Academic journal article Journal of Higher Education

Doctoral Advisement Relationships between Women: On Friendship and Betrayal

Academic journal article Journal of Higher Education

Doctoral Advisement Relationships between Women: On Friendship and Betrayal

Article excerpt

Introduction

Because women are relative newcomers to higher education [13], the nature of mentoring relationships between women in academe is "uncharted territory" [20]. The doctoral advisement relationship lends itself both to the potential for mentoring and to empirical study. This article reviews the findings of a phenomenological study that explored twenty-two womens' relationships with dissertation committee advisors. Although the mentoring literature suggests that advisory relationships can resemble earlier relationships with parental figures [7, 30, 31], this was the first educational study that explicitly asked participants if there were similarities in their relationships with advisors and parents. A number of women in this study told stories that revealed how they unconsciously transferred, for better or worse, aspects of their earliest relationships with mothering figures to their relationships with women dissertation committee members. The phenomena of professional friendship and silent betrayal surfaced as these women's recollections of relationships with advisors were compared with their memories of relationships with parental figures. Given that women advisees in this study were unconscious of the similarities between mothering and advisement relationships and that replication of mothering relationships distorted and sometimes impeded the task and/or the interpersonal dimensions of these advisory relationships, this line of inquiry suggested that advisors and advisees need to become aware of the powerful psychological forces that can color doctoral advisement relationships between women. The new feminist scholarship that reframes women's psychological development will be reviewed to illuminate the phenomena of professional friendships and silent betrayal and suggest ways to foster mentoring and transform nonmentoring advisement relationships between women.

Related Literature

Although women are graduating from doctoral programs in education in increasing numbers, little is known about women doctoral students' experiences [9, 24, 45], and even less is understood about doctoral advisory relationships between women. These relationships have been difficult to study given the fact that female professors on most doctoral faculties remain fewer in number and lower in rank than male professors [1, 6, 27, 37, 43]. Because gender and power continue to be inextricably linked in higher education [12], women doctoral students are more likely to choose male professors with higher ranks and salaries, more power, influence, and professional connections than female professors as dissertation committee members.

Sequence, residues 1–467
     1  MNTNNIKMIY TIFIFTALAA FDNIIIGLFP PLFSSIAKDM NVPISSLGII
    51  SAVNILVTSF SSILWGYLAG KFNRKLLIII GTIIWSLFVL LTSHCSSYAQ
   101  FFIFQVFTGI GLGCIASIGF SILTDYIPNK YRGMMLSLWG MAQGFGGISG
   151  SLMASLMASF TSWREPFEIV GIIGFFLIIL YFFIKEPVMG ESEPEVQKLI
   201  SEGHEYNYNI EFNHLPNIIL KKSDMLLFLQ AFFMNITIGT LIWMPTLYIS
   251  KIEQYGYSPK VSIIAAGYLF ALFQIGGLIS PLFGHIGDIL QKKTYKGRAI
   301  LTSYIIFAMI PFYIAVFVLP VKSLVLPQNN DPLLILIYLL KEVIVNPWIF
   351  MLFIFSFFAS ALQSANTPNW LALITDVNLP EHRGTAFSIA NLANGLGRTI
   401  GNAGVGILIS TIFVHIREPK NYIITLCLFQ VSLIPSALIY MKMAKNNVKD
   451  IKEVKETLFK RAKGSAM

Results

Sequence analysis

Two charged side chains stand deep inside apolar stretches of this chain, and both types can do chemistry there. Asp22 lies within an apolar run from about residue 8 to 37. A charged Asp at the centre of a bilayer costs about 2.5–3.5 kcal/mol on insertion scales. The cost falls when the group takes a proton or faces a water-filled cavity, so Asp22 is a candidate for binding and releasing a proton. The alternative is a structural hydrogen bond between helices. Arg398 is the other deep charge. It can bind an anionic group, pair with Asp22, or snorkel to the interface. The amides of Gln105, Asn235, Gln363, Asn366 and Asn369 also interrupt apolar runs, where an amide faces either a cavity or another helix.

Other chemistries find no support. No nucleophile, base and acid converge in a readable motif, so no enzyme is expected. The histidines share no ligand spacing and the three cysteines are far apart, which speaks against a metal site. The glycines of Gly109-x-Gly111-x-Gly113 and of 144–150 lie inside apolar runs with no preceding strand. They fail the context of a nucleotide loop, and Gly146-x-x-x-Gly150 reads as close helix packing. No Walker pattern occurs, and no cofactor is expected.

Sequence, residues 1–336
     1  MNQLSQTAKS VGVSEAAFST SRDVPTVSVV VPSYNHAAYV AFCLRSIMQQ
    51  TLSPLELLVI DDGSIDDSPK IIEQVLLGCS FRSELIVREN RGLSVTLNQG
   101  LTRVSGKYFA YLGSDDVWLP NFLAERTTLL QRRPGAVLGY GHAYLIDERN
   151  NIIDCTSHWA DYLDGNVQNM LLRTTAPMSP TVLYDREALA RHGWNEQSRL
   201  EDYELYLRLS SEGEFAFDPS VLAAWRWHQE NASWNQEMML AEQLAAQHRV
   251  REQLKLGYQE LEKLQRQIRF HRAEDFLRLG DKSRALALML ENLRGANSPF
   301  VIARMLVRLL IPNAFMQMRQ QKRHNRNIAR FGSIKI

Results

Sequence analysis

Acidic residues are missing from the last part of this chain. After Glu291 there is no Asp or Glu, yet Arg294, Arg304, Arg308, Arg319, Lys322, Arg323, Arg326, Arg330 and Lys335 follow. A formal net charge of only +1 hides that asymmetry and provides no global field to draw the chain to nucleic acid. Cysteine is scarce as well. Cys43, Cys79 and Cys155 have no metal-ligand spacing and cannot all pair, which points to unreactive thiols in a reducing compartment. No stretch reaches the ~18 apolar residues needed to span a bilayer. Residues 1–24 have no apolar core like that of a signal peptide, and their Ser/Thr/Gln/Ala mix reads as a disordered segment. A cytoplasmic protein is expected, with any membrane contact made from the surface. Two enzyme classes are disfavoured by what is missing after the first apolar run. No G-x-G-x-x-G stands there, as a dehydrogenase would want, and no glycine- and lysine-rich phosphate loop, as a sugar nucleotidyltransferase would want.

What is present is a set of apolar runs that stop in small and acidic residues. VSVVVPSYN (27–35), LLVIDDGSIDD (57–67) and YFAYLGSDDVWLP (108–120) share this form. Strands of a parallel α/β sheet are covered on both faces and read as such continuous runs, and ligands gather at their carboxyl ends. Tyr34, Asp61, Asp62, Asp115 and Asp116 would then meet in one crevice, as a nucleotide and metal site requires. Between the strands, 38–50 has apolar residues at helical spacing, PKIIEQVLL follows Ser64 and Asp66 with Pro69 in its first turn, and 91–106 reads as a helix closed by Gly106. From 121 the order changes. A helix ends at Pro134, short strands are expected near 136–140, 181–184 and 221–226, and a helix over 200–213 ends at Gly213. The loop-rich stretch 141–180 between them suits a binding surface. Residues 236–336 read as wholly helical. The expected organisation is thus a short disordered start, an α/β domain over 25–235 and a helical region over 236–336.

Because much of the mentoring literature in both business and education focuses on male mentors, there is little information available regarding female mentors and the implications of women advisees having women advisors is poorly understood [20, 28]. In the few studies of female mentors in business, the numbers of women represented in samples are small, for example, Kram's sample included only one female mentor-mentee pair out of a sample of eighteen pairs [28]. To complicate matters further, the findings of these studies are often contradictory. While most educational researchers say that female mentors are helpful to women's professional development in academic settings [4, 28, 37], Carter's research did not support this [9]. In studies of graduate students, several researchers [4, 9,19] found that women advisees rated relational dimensions more important than male advisors. Whereas some researchers noted that women advisors are less likely to initiate mentoring relationships, are less directive [32], and weight personal concerns over professional concerns [8,35], other studies indicated that behavioral patterns in mentoring relationships did not vary by gender [2, 9].

In view of the increasing number of women students and professors on doctoral faculties [7], general agreement that the advisement relationship is a crucial element in doctoral education, and the conflicting findings of the few studies that explored advisory relationships between women, this literature review supported the need to study the nature of women advisees' relationships with female advisors. …

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